Chris Wood says that he is bullish on India's private bank stocks, affordable housing theme as well as residential real-estate stocks. However, he is not buying shares of ICICI Bank and Axis Bank for a reason.
Following the Rs 11,400 crore PNB scam, even as we continue to see major scandals in the Indian banking space, Chris Wood of CLSA says that there has been a banking issue in India for several years and he is hopeful that all this news flow creates more determination for the government to let the whole bankruptcy resolution process work as outlined in the new legislation. In an interview to ET Now, Chris Wood, Equity Strategist said that he is bullish on India’s private sector banks.
When asked specifically about ICICI Bank and Axis Bank, with ICICI Bank CEO in focus due to recent reports of alleged impropriety in Videocon loan case, and Axis Bank CEO Shikha Sharma’s curtailed term, Wood says that he is buying only ‘real private sector banks’. “They are called private banks but actually they are not private banks because they are historically public sector banks. I would call those two entities pseudo private sector banks. My equity allocations are in real private sector banks,” Chris Wood told the channel.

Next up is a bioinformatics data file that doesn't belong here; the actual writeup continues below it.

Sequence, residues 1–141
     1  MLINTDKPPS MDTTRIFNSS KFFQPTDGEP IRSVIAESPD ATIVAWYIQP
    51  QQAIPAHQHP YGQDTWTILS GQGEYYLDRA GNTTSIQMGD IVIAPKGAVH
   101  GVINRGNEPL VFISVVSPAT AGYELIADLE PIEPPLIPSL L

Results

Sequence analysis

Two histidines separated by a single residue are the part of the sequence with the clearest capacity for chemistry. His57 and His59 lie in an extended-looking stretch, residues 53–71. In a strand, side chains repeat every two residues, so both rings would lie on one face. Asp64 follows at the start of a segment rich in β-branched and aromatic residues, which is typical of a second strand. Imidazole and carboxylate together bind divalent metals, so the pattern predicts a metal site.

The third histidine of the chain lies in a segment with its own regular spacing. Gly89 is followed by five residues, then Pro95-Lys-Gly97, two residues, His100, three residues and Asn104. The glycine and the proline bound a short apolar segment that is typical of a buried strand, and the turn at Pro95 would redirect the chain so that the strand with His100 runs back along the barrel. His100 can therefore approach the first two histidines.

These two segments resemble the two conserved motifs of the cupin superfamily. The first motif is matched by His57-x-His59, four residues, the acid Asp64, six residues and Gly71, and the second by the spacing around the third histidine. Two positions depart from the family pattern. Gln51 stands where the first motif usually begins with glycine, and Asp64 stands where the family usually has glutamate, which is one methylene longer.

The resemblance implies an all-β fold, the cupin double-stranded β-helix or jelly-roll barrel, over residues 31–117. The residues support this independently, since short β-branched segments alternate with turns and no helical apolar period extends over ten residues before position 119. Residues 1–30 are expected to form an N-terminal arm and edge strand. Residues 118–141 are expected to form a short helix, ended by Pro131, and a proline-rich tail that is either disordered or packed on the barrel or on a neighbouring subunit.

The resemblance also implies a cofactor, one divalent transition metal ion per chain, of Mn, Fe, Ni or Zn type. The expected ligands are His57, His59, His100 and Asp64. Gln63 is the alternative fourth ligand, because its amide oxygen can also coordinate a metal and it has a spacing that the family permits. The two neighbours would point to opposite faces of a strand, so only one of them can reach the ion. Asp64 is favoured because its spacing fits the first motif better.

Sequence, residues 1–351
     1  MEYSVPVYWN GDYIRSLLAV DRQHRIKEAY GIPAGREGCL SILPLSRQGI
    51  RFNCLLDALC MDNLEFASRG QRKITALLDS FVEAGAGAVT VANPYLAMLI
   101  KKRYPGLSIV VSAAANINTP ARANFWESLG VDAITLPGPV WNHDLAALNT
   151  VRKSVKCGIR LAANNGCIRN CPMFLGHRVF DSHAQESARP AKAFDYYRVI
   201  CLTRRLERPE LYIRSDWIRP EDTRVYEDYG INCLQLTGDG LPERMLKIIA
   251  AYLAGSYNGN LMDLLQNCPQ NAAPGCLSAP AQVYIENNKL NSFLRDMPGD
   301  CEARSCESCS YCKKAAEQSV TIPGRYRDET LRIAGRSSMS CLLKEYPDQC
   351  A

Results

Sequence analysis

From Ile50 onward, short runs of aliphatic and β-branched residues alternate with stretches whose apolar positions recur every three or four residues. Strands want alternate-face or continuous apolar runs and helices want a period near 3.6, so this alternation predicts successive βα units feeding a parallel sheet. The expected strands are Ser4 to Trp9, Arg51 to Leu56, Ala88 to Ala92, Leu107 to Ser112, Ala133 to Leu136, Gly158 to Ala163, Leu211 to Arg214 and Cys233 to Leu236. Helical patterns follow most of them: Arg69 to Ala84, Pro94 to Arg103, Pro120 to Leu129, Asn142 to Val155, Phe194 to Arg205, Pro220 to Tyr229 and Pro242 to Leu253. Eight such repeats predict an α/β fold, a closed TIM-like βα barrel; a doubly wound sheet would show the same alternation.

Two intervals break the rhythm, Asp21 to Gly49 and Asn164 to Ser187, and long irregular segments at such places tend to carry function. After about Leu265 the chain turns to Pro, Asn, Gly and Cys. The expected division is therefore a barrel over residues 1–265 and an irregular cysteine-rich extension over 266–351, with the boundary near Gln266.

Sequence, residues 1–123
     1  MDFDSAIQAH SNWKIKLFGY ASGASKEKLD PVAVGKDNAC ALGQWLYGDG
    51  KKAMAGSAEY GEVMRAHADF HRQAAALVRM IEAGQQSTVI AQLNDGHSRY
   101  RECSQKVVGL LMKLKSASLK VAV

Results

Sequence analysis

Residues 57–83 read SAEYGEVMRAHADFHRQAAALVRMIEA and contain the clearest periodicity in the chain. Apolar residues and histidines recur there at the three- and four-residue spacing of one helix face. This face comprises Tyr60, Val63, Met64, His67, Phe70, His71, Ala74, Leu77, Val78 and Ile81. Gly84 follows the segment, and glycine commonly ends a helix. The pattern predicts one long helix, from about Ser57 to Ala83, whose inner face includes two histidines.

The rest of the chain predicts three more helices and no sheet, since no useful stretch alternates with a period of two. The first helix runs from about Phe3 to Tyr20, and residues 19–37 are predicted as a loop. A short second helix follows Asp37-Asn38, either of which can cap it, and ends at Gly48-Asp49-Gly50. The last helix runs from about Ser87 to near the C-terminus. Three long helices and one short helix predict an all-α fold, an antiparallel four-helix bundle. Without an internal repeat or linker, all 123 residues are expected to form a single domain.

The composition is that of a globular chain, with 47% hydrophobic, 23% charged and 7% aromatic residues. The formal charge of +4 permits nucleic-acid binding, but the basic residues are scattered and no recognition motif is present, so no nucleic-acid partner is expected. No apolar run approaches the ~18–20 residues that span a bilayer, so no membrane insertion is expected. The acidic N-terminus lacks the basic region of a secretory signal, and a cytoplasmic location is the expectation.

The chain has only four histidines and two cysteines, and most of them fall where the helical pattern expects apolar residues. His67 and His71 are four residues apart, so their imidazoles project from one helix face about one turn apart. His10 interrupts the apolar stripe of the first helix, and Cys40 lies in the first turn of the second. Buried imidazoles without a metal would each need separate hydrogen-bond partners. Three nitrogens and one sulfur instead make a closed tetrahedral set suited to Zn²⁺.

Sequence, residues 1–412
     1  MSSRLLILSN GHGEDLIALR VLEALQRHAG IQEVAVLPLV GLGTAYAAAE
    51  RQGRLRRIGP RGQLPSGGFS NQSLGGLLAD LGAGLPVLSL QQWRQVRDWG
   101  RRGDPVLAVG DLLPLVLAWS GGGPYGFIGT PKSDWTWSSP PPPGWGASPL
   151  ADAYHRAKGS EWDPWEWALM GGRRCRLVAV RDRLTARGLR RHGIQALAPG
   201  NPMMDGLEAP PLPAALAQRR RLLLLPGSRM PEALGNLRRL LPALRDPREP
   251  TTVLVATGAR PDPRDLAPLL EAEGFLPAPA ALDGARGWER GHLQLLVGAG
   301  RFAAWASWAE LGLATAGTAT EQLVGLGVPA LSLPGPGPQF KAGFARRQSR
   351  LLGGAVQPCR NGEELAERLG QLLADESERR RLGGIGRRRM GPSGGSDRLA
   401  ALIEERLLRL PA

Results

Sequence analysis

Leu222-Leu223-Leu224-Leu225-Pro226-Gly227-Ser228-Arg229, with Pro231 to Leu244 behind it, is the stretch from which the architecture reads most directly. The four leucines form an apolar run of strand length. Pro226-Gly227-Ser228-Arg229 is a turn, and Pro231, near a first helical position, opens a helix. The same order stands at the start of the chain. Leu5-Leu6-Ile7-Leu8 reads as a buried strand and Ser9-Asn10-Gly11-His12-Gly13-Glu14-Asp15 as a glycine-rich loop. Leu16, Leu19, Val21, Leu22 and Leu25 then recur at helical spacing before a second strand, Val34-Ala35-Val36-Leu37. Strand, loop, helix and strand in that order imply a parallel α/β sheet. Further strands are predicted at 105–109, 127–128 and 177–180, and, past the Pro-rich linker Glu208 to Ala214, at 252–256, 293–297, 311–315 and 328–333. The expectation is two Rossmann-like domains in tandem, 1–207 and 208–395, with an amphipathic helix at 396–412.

Apart from ‘real private sector banks,’ Chris Wood is buying is bullish on the affordable housing theme and residential real-estate stocks. He is particularly enthusiastic about the RERA enactment. “The areas I want to play most are affordable housing in India which is a five-year story and I want to play the real estate sector based on the consequences of this RERA legislation which I believe will lead to a healthy consolidation,” he said in the interview.
Chris Wood said that implementation of LTCG tax on equities from this fiscal year could lead to drop in inflows overall. Calling the decision unfortunate, Wood said that foreign investors are looking at dollar returns. “The rupee not being very weak is a positive but the long-term capital gains (LTCG) tax to me is an unfortunate decision to take when you had big inflows finally coming into equity mutual funds. Another big issue for India this year is what happens to these inflows? Do they suddenly stop? If they suddenly stop, that would definitely be negative because in my view, foreigners will not fill the gap,” he said.